7 Dangerous Myths about Antibiotics

You’ve probably used antibiotics many times over the years to treat different illnesses and infections. But some of your beliefs about antibiotics and antibiotic resistance may be false.

When the World Health Organization (WHO) surveyed around 10,000 people in 12 different countries, they found that antibiotic resistance misunderstandings were common in all countries. These misconceptions can lead to poor choices that may harm your health. That’s why you need to keep the myths below in mind when making any decision about antibiotics.

Myth #1 You can stop taking antibiotics when you feel better.

Have you ever stopped taking antibiotics before finishing the prescribed doses because you felt better? Well, you’re not alone. In the WHO report, 32 percent of the people surveyed thought it was okay to stop taking antibiotics once they felt better.

When you stop early, your infection may recur, because it may not be fully treated. Always finish the prescribed doses even when you feel better.

Myth #2 Antibiotics are good for treating colds.

Some consider antibiotics the cure-all for all infections, but the truth is antibiotics only work against bacterial, fungal and some parasitic infections. They don’t work against viral infections, such as colds and flu.

Myth #3 You should take antibiotics to prevent infections.

While taking antibiotics may help prevent frequent urinary tract infections (UTIs), it’s not advisable to take them when you don’t have an infection.

According to the Mayo Clinic, misusing antibiotics increases the risk of antibiotic resistance. Avoid taking antibiotics when you are well.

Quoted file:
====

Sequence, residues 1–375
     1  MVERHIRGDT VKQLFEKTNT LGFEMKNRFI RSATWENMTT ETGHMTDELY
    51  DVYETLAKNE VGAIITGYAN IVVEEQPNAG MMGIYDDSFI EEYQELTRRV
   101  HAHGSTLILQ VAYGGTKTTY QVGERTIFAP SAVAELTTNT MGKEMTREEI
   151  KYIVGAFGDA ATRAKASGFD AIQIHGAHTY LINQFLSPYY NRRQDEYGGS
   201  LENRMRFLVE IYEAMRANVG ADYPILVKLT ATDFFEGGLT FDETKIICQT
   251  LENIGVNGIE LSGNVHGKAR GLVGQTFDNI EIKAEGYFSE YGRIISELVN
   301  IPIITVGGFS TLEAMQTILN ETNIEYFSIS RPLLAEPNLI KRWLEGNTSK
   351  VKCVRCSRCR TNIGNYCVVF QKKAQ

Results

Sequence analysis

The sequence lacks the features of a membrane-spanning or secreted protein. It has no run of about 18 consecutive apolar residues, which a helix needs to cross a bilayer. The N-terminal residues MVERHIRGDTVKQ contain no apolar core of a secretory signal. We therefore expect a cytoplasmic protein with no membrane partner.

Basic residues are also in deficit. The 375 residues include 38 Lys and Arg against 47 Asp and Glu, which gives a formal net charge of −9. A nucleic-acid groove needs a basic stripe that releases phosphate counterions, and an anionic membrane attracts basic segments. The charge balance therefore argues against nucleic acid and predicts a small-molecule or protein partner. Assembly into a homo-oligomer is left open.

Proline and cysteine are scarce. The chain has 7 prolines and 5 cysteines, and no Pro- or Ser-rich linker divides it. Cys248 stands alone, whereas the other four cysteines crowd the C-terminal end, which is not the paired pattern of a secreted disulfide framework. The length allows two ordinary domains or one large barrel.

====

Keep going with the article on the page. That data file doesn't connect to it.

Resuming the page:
Myth #4 It’s OK to take leftover antibiotics.

Taking leftover antibiotics is risky, because you don’t know if you’re taking the right antibiotic for the infection you have. Additionally, some antibiotics, especially liquids, lose potency over time.

Instead of keeping antibiotics in your home, get a precise prescription from your doctor.

Myth #5 Antibiotic resistance makes your body not respond to antibiotics.

Seventy-six percent of the respondents in the WHO report thought that antibiotic resistance occurs when the body stops responding to antibiotics. It’s really the bacteria that become resistant to antibiotics. As a result, they multiply and spread illnesses.

Myth #6 You can’t lower the risk of antibiotic resistance

You have more control over antibiotic resistance than you may know. You can lower your risk by avoiding the misuse of antibiotics. Don’t use leftover antibiotics or use antibiotics prescribed for another person.

Maintaining good hygiene can also help prevent antibiotic-resistant infections.

Myth #7 Antibiotic resistance only occurs among those who take antibiotics regularly.

While it’s true that the misuse of antibiotics increases your risk of antibiotic resistance, we are all at risk. You can catch an infection that’s resistant to antibiotics even if you never take antibiotics.

Which of these myths about antibiotics do you see being spread around?

Image via Getty


Ardelia Amanda
Ardelia Amanda24 days ago

thank you

Anna R
Anna R4 months ago

Thank you

Mike R
Mike R4 months ago


Marija M
Marija M4 months ago

tks for sharing this info...

Chrissie R
Chrissie R4 months ago

Factual information instead of social media hype??? Wow! That doesn't happen nearly often enough.

Paula A
Past Member 4 months ago

thanks for posting

RK R4 months ago

All true and interesting. Thank you Brian. Bleach is a relatively inexpensive and highly effective disinfectant. It kills staphylococcus, streptococcus, E. coli and salmonella – as well as viruses like the flu and the common cold.

Lisa M
Lisa M4 months ago


Lisa M
Lisa M4 months ago


Leo C
Leo C4 months ago

Thank you for sharing!